I know what you mean OP. My grandfather has two horses just to have them and say he has the biggest team of draft horses in the area. Yesterday he got their feet done and as soon as their hooves were picked up, you could smell them... Thrush, hoof rot, you name it. It was nasty. They had cracks, flares, bruising, long toes, no heels, piss poor frogs. It made me sick. He said, "wow he needs some work doesn't he?" I looked at him and was like, "Well if his feet were done every 6 weeks and picked out every night, then he'd be fine." My grandfather turns his horses out in a mud hole, so of course they're going to need their hooves picked out everyday and are going to need proper hoof care. Not to mention that they get about 6 quarts of grain a day and are so fat I'm sure they're going to both founder anytime. They're big horses, about 18.2hh and should weigh about 2000lbs at a healthy weight. If they were being worked that amount of grain would be ok, but they're just pasture ornaments and the most exercise they get is the walk to and from the barn. It's ridiculous.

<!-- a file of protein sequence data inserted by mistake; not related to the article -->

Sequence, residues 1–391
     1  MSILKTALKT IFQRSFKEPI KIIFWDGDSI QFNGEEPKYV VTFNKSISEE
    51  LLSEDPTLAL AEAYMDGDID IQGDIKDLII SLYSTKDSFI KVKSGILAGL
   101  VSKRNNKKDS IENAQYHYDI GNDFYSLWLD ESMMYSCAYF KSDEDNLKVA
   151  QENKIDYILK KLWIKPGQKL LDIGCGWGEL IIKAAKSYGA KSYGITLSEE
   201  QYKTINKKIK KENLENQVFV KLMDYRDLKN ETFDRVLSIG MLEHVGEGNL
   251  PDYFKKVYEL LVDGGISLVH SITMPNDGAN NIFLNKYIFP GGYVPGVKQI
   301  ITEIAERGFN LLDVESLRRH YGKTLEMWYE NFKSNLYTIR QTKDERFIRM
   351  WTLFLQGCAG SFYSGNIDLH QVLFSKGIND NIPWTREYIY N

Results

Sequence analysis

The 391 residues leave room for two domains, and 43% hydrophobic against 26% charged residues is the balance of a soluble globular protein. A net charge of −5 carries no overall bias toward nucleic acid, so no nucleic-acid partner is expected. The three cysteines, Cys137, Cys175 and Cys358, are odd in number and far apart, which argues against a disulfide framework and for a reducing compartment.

My horses get their feet done every 6-8 weeks, the vet comes out once a year for shots and check ups and I take riding lessons and also have a trainer help me with Koti now that she's 3 and we've started her under saddle. I'm blessed to be able to keep my horses at home and not have to board. But it isn't easy by any means. We bale our own hay so that saves on expenses, but we have to buy our grain and supplement for selenium because Maine's soil is deficient.